Time to Take Pruning Knife to Government
- 17 October 2010 by Author 0 Comments
Time to Take Pruning Knife to Government
By Richard Larsen
Published – Idaho State Journal, 10/17/10
“The multiplication of public offices, increase of expense beyond income, growth and entailment of a public debt, are indications soliciting the employment of the pruning knife.” So penned Thomas Jefferson at the nascent stages of our republic. The applicability of that verity has never been more apt than today.
Public offices have indeed multiplied. Government has grown exponentially in recent years to a massive size, taking over entire industries and large segments of our economy. By some estimates, government (at all levels) now comprises 40% of all consumption in the country. When you consider that government doesn’t produce anything, that all it does is consume and take from those who do produce, that doesn’t bode well for the future of economic growth for the nation.
The increase of expense beyond income is well documented, and the ruling class in Washington refuses to take responsibility or ownership of it. The Wall Street Journal put the spending increases of the past three years under the control of Nancy Pelosi, Speaker of the House, and Harry Reid, Senate Majority Leader, in perfect perspective. “Congress controls the purse strings. When Mrs. Pelosi and Mr. Reid rose to their present jobs in January 2007, the deficit was $161 billion. It had been on a downward trajectory from $413 billion in 2004. Three years later, the Pelosi-Reid Congress had added $1.2 trillion to the deficit. Of course, Mr. Bush sponsored or signed into law many of these deficit-raising bills, such as the bank bailouts and effective tax rebates of 2008. But the Democratic Congress passed them.”
“Long forgotten is the promise Mrs. Pelosi made on the day she became speaker: ‘Our new America will provide unlimited opportunity for future generations, not burden them with mountains of debt.’ I think future generations would like a do-over. … For the sake of comparison, let’s look at the Pelosi-Reid fiscal record over 10 years. In January 2007, the CBO projected a $379 billion surplus over the next decade. Now, after four years under Mrs. Pelosi and Mr. Reid, and two years of Mr. Obama in the White House, the 2007-2016 projection is a deficit of $7.16 trillion.
“This deterioration of the nation’s fiscal situation is arguably the worst in United States history, and it was brought to us courtesy of a congressional leadership that pledged ‘pay as you go’ budgeting to bring the budget into balance. It is no wonder that Americans are not eager to retain the services of these two spendthrifts as leaders of Congress.”
President Jefferson was correct that these are indications that solicit the employment of a pruning knife, if we can find one big enough. But first we need to take the shovel away from congress. When you’re in too deep, you don’t keep digging deeper, yet that’s precisely what congressional leadership has continued to do.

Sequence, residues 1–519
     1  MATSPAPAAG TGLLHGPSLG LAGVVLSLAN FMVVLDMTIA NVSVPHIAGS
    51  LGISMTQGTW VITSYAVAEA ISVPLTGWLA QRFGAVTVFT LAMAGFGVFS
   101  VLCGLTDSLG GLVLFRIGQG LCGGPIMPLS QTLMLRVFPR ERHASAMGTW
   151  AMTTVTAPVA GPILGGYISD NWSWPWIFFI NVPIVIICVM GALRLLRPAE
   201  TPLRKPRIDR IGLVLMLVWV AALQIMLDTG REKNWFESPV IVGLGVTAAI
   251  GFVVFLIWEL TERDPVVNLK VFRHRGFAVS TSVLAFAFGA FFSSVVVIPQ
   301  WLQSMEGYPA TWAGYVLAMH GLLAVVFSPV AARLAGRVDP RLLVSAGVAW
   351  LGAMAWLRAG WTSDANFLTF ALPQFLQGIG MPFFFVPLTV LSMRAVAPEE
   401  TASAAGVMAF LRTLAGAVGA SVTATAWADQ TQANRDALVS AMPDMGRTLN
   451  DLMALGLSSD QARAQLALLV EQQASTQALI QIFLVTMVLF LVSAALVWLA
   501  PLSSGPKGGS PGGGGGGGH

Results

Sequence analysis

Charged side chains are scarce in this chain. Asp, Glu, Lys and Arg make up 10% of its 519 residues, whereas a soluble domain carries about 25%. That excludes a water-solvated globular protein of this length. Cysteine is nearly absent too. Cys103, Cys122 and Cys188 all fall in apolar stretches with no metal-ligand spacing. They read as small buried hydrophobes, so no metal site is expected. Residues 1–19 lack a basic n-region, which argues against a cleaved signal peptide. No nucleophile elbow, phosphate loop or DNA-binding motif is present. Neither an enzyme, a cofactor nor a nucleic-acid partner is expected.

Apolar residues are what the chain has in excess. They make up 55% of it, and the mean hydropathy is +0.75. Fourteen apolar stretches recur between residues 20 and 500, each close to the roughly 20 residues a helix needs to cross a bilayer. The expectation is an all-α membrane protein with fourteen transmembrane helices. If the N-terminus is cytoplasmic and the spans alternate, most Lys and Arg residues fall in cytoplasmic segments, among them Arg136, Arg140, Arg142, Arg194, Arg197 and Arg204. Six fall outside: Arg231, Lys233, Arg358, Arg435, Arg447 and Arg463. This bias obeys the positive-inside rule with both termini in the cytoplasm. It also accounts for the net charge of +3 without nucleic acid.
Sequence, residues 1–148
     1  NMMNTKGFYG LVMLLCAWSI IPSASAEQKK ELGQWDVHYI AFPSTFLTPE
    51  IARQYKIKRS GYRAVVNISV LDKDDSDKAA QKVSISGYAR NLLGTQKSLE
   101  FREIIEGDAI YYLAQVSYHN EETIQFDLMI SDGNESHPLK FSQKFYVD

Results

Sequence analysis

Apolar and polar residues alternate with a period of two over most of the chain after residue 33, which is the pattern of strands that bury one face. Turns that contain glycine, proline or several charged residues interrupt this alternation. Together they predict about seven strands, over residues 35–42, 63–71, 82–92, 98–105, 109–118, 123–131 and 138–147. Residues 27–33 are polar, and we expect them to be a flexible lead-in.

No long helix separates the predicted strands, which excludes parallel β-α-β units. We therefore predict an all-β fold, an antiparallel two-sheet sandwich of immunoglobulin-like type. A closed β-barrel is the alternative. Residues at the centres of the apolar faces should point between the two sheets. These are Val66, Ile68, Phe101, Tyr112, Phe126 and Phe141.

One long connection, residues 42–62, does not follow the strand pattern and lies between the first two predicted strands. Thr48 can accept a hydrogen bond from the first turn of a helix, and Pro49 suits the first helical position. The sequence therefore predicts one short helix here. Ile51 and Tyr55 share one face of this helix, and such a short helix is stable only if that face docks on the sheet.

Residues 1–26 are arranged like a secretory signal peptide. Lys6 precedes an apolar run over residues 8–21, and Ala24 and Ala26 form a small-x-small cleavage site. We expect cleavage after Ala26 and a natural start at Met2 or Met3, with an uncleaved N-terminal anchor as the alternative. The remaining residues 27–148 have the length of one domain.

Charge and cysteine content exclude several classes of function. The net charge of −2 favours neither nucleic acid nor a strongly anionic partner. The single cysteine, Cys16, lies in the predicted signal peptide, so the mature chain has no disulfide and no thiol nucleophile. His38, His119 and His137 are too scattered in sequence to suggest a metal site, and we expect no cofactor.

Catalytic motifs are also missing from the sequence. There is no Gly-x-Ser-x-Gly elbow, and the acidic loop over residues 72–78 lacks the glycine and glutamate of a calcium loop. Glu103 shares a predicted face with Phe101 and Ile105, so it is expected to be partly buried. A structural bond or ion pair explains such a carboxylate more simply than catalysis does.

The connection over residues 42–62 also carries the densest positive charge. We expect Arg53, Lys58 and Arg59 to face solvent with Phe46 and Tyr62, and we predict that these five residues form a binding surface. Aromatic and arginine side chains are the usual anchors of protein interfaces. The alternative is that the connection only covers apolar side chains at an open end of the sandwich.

Thirty years ago the financial mess of the country was nowhere near what it is today, with the total federal debt to GDP ratio over 90%. Yet Ronald Reagan recognized even then that unbridled government spending posed a serious threat to the nation. He declared, “These United States are confronted with an economic affliction of great proportions. … It distorts our economic decisions, penalizes thrift, and crushes the struggling young and the fixed-income elderly alike. It threatens to shatter the lives of millions of our people. Idle industries have cast workers into unemployment, causing human misery and personal indignity. Those who do work are denied a fair return for their labor by a tax system which penalizes successful achievement and keeps us from maintaining full productivity. But great as our tax burden is, it has not kept pace with public spending. For decades, we have piled deficit upon deficit, mortgaging our future and our children’s future for the temporary convenience of the present. To continue this long trend is to guarantee tremendous social, cultural, political, and economic upheavals. You and I, as individuals, can, by borrowing, live beyond our means, but for only a limited period of time. Why, then, should we think that collectively, as a nation, we are not bound by that same limitation?”
Hillary Clinton was exactly right when she declared recently that our federal debt constitutes a very real national security threat. The minority party in Washington has been dubbed the party of “no,” yet what we need is a party of “hell no!” No more expansion of government, no more increase in spending, no more curtailment of individual freedom, no more trampling of the explicitly stated Constitutional limitations of governmental power. We all do our part when we vote in two weeks.
AP award winning columnist Richard Larsen is President of Larsen Financial, a brokerage and financial planning firm in Pocatello, and is a graduate of Idaho State University with a BA in Political Science and History and former member of the Idaho State Journal Editorial Board. He can be reached at email@example.com.